“We Will Accept Nothing Less Than Full Victory”

Approaching Omaha Beach

Sixty-nine years ago today, Allied forces took the first step to liberate France from tyranny.

The cost of the Normandy campaign was high for both sides. From D-Day to 21 August, the Allies landed 2,052,299 men in northern France. There were around 209,672 Allied casualties from 6 June to the end of August, around 10% of the forces landed in France. The casualties break down to 36,976 killed, 153,475 wounded and 19,221 missing.

Split between the Army Groups, the Anglo-Canadian Army Group suffered 16,138 killed, 58,594 wounded and 9,093 missing for a total of 83,825 casualties. The US Army Group suffered 20,838 killed, 94,881 wounded and 10,128 missing for a total of 125,847 casualties.

To these casualties it should be added that 4,101 aircraft were lost and 16,714 airmen were killed or missing in direct connection to Operation Overlord. Thus total Allied casualties total 226,386 men. (H/TWikipedia)

Freedom isn’t free, my friends. Please remember those heroic men and women who participated in “the longest day.”

10 thoughts on ““We Will Accept Nothing Less Than Full Victory”

  1. realwest

    Howdy Wyatt – Just wanted to thank you for this post. I imagine a number of conservative or “right wing” bloggers will note this anniversary, but I’ll bet it barely gets a passing mention from the MSM.

    Freedom is indeed NOT FREE.

    1. realwest

      Yep, I think that’s about right. I cannot imagine the terror and fear those brave troops and sailors and airmen faced, but they did face up to it and because of that we are still Free.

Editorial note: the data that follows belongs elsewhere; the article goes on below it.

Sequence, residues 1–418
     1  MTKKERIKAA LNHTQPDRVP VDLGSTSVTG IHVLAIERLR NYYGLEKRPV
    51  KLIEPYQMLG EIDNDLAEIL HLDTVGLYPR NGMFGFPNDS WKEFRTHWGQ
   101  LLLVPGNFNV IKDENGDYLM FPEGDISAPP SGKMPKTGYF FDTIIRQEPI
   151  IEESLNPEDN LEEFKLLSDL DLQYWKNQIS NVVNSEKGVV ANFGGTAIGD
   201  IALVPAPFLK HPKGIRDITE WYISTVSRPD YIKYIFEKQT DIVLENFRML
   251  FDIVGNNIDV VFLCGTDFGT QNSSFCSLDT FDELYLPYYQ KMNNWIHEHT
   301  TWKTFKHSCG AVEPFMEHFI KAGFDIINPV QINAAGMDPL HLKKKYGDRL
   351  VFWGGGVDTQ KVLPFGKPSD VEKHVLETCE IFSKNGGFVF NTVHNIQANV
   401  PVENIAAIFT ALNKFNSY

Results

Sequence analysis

Its been said of our current military, and properly so, “Where do we find people like these” – and Lord knows it was certainly true of those men on D-Day.

      Thanks again, Wyatt.

  2. Dr. Evil

    Could you imagine if we had to perform an operation like that today? 10% casualties, 36,000+ dead. Media would go nuts and criticize everything. I appreciate the sacrifice these men made, and if we had to do it again today in a similar situation, all for it. If they’d take me, I’d be in.

    Oh…it’s also my sister’s birthday today and I am getting my final tooth repaired from an injury a year ago!

  3. Dr. Evil

    almost forget…the past four years Obambi has said NOTHING to honor these men. Let’s see if his testicles have dropped yet and give these men the credit they DAMN well deserve.

  4. Jon Brooks

    My uncle was part of the air drop and due to the horror of all the men who died in glider crashes, being shot from the sky with AAA as they dropped, captured upon landing and being summarily executed on the spot especially by SS units, he very seldom talked about it to other family members. God Bless ALL of them and their courage.
    As time passed, they would have their revenge.

  5. AjdShootist

    I remember being on holiday in Gernsay in the Channel Isles when the film The Longest Day came out
    my late father took me to see the film and i remember him telling me war was hell next day we visited the German Underground Hospital spooky or what!

  6. Jim Scrummy

    I can remember watching for the first time The Longest Day, on June 6, 1974. What was cool is that my parents let me stay up past 9 PM (bedtime for the little Scrum) and see the whole movie, a first for me. The second coolest thing was during some of the TV station breaks (it was shown on a local station), they would do in studio interviews with 3 D-Day vets. For my birthday, which is a few days later I used some of my birthday money to buy my first book on D-Day. To this day I am still amazed as to what happened at Omaha Beach and Pointe Du Hoc. Not trying to take away anything from the vets of Utah, Gold, Sword or Juno Beaches, but Omaha was the linchpin of the whole operation on D-Day. What men. Soon none will be around, they will be missed. Thank you.

  7. formwiz

    If you’ve never read the book, do so.

    And read Samuel Eliot Morison’s “The Invasion of France and Germany”. He saw just about every major american landing in WWII and nothing was worse than Omaha.


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